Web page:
Estimated reading time: 4 minutes
Since coming into power, the highly publicised and profoundly controversial former South African President, Jacob Zuma, has, without question, travelled a journey unlike any before in the country’s history.
Being the man who brought you smash hits like Umshini Wami and Julius Malema, after years of living above the law, it would appear the former President has flown too close to the sun, and like Icarus, is currently plummeting back to earth. The problem apart from the obvious would be the disturbing fact that our dear Zuma has perpetuated a culture of untouchable status for those in the “loop” over the past years.
Unfortunately, this loop has grown into a tornado, depleting South Africa and spinning its grip clean off the merry-go-round.
From Municipalities to various SOEs (State-owned Enterprises), South Africa is running on borrowed fumes. It is to the point that many towns and cities do not even have a functional Municipality, let alone one not currently under administration. Train stations, hospitals and schools under the Government’s care have moved past unmaintained and now enjoy the horrific reality called, “you are on your own”. The economy is the victim of not only a global pandemic but decades of mass unpunished corruption. The Government is so packed with new millionaires and billionaires, the place looks like a Fortune 500 convention, remembering no one is aloud to be involved in business if in Government—yet the people keep cheering.
The standard of education was meant to be prized post Apartheid, as the douchebags removed math and science in the old days. But today, the level and standard of education in the government sector are laughable. Not only are the issues not remedied, but thanks to the loop, the funds are corrupted out in buckets, literally stealing money from the impoverished, previously disadvantaged children. Can you not see the cruel irony in all of this?
Let us not forget, Zuma is the man accused and currently on trial for heinous acts against his country and the very people presently defending him. The former President plundered his countrymen while looking them straight in the eye, stating he had their best interests at heart.
The man owns a billion Rand home, yet SARS never picked up an issue even though the President earns a set salary. I mean, one would assume that owning a house in a rural area worth more than business parks combined should raise a “reddie” (Red Flag). This once again showcases the “loop” or, should I rather say, “Tornado”.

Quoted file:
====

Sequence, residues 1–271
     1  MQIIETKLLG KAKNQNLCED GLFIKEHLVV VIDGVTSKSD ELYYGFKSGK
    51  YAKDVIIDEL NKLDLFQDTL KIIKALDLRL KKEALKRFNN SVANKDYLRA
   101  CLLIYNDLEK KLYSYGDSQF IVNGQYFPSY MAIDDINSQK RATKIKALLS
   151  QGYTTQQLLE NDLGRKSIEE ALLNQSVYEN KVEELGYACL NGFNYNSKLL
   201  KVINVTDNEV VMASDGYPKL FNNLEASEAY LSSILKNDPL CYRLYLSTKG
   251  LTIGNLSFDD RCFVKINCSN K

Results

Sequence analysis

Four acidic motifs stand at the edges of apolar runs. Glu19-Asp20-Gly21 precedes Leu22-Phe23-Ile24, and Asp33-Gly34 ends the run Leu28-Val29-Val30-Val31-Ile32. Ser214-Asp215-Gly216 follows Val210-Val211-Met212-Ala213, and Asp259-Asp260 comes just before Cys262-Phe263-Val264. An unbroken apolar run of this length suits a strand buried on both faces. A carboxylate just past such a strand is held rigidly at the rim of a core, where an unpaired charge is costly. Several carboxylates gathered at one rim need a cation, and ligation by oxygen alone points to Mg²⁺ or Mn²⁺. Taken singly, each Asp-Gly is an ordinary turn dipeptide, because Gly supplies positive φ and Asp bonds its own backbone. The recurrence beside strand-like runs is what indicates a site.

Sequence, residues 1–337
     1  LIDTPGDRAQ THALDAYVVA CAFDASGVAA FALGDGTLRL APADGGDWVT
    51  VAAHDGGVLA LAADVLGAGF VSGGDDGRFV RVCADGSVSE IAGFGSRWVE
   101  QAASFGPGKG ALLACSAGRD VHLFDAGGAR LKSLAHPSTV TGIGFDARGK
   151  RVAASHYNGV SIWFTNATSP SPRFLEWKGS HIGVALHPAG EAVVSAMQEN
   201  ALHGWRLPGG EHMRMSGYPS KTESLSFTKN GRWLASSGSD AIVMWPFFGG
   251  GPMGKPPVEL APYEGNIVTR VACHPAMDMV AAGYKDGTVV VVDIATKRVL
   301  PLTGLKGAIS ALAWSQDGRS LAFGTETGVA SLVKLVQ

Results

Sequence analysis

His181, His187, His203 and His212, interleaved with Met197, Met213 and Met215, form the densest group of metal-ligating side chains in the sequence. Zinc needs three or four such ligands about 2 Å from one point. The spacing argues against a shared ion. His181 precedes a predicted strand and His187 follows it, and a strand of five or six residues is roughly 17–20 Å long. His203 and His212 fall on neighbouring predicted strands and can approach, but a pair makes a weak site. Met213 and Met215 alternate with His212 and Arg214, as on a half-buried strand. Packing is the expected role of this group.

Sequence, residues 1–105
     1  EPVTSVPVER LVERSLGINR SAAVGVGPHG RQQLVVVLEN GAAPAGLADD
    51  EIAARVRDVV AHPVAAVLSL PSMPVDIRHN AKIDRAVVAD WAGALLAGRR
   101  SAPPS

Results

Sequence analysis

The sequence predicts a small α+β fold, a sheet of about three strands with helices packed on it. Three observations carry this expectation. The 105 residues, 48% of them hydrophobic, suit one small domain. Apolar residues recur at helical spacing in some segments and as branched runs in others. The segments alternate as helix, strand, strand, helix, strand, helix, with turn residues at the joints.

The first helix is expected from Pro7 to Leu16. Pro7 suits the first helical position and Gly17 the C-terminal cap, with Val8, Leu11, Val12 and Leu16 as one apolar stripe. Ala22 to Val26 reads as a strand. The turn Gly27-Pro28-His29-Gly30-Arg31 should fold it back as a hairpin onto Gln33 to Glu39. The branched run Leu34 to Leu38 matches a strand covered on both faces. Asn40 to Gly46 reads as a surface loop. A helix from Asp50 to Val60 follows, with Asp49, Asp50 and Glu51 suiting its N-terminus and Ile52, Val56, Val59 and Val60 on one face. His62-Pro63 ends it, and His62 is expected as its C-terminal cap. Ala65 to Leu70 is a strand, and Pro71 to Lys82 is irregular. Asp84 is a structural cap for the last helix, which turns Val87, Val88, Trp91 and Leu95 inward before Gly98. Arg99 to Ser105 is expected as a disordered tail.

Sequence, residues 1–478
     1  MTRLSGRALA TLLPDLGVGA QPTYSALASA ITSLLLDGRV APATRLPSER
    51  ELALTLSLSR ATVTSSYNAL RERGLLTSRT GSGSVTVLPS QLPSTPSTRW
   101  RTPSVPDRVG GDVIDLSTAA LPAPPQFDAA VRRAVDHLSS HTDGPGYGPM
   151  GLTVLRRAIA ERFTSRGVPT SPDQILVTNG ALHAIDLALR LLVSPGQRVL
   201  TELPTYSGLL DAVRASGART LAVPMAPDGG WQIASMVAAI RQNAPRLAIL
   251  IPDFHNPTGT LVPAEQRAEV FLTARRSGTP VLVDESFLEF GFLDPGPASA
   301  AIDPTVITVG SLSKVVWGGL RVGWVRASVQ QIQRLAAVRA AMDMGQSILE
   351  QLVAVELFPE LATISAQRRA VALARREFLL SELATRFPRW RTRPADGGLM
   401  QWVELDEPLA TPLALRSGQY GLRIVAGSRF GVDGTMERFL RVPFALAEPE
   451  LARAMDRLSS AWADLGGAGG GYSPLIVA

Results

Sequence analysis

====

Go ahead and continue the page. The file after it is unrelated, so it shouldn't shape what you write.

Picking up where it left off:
But despite all of this, various South Africans have stated that they will defend him, even if it means losing their own life in the process—as they will not allow Zuma to go to prison, again. The problem is now the broken culture in the country, and JZ sure did his part in making it viral.
There is no accountability and a take and blame way of doing things, and as mentioned, our dear former President and all the outlooks following his time in power destroyed any form of inclusive progression.
Umshini Wami, Zuma’s song translates to, bring me my machine gun for those, not in the know. With this and the above in mind, imagine New Zealand’s Prime Minister, Jacinda Ardern, promoting a rainbow nation, better living for all and a higher standard of education while publicly calling for her machine gun and in the background building a billion Rand home coupled with being linked to the most extensive level of theft the country has seen.
Would she still hold a loyal following, or would her countrymen and the world see her as a problem?
How do South Africans currently dealing with the worst state this country has ever been in still cheer for a man boasting promises like, “There will never be load shedding again.” Or better yet, a President in power due to previous connections and not a qualification—resulting in a fragile country having a leader driving division while robbing us blind but then announcing it is Apartheid’s fault.
The only hope left is for Zuma to complete his walk to freedom by going to prison in order for the country’s judicial system to regain some form of respect once again.
His imprisonment will echo a statement to the endless reams of corrupt people currently enjoying no punishment for acts against their people, hopefully ushering in a new ear for all South Africans, one with a future and not a final countdown.
So what do you think? Share your thoughts in the comment section below.
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